In a public report we released in December 2018, we conclude that not only is racial profiling widespread in the neighbourhood, but it is shored up by a combination of seemingly race-neutral policies that disproportionately target and hurt racial minority youth — especially black youth.

In the summer of 2018, about a dozen young Montrealers delivered to City Hall a petition with 20,000 signatures demanding public hearings on systemic racism and discrimination against visible minorities. (CBC) (CBC)

If racial profiling in Montreal is to be ended, several policies in particular need to be abolished.

One of the policies causing racial profiling is the use of identity checks. A large number of young people told us that police officers had randomly stopped them to ask for an ID. Some youth had undergone the same ID check several times, even though police officers had learned their names.

Of the 51 youth we interviewed, slightly more than 50 per cent had been intercepted at least once by the police — in the majority of cases, these stops were unsubstantiated.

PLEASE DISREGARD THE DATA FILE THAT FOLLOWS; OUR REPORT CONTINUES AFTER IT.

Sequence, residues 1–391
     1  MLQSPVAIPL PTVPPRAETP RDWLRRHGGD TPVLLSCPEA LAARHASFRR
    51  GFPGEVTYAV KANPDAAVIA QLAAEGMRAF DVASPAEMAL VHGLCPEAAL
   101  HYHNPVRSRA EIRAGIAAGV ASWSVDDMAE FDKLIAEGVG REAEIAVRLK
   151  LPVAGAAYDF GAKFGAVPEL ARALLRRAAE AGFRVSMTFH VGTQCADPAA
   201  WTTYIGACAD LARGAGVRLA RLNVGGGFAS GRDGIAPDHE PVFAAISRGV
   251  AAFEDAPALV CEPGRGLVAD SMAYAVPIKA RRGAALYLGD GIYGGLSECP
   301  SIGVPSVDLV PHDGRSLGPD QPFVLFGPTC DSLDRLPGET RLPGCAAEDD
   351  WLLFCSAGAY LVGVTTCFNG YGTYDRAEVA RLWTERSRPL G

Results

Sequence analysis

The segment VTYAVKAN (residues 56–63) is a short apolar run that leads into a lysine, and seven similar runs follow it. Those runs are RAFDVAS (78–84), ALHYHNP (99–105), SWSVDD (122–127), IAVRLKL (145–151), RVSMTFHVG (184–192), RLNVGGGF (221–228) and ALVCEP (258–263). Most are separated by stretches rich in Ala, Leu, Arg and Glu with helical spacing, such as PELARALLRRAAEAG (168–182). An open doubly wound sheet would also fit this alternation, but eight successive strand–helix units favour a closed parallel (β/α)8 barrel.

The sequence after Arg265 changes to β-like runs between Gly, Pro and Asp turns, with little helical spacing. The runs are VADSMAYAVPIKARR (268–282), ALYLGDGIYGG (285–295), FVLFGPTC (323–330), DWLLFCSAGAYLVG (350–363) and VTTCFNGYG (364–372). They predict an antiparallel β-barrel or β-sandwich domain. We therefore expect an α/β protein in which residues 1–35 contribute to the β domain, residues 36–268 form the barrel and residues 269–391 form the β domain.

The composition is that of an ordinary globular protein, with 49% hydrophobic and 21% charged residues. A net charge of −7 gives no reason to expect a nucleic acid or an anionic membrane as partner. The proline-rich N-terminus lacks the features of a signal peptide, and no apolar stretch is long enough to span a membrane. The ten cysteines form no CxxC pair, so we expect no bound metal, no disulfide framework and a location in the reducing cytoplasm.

Police officers kept a high and visible presence throughout the neighbourhood, especially in places where young people congregate. Officers patrolling by car or on foot were known to harass and question youth who were innocently playing basketball or hanging out in a park.

Young people were also frequently stopped and fined for minor incivilities such as riding a bike on the sidewalk, loitering, spitting, and littering. Fines rose above $100.

In our report, we detail the all-too-frequent times that young people had to endure verbal and physical abuse after being caught in the net of the police. They reported being called a "n--ger," getting hit with a baton or Taser, having a gun pointed at them, and receiving physical beatings.

If the  SPVM  truly wants to end racial profiling, it will rewrite its action plan.- Dr. Anne-Marie  Livingstone

The intensity of police surveillance in the neighbourhood is both buttressed and aggravated by a racialized discourse of "street gangs" the SPVM has propagated for years. In essence, police officers have been taught to believe in, and act on, racial stereotypes of delinquency.

Research has never conclusively shown that delinquency is any higher among racial minority youth compared with white youth in Montreal; in fact, in our research we discovered the rate of delinquency in Saint-Michel to be lower than the city average.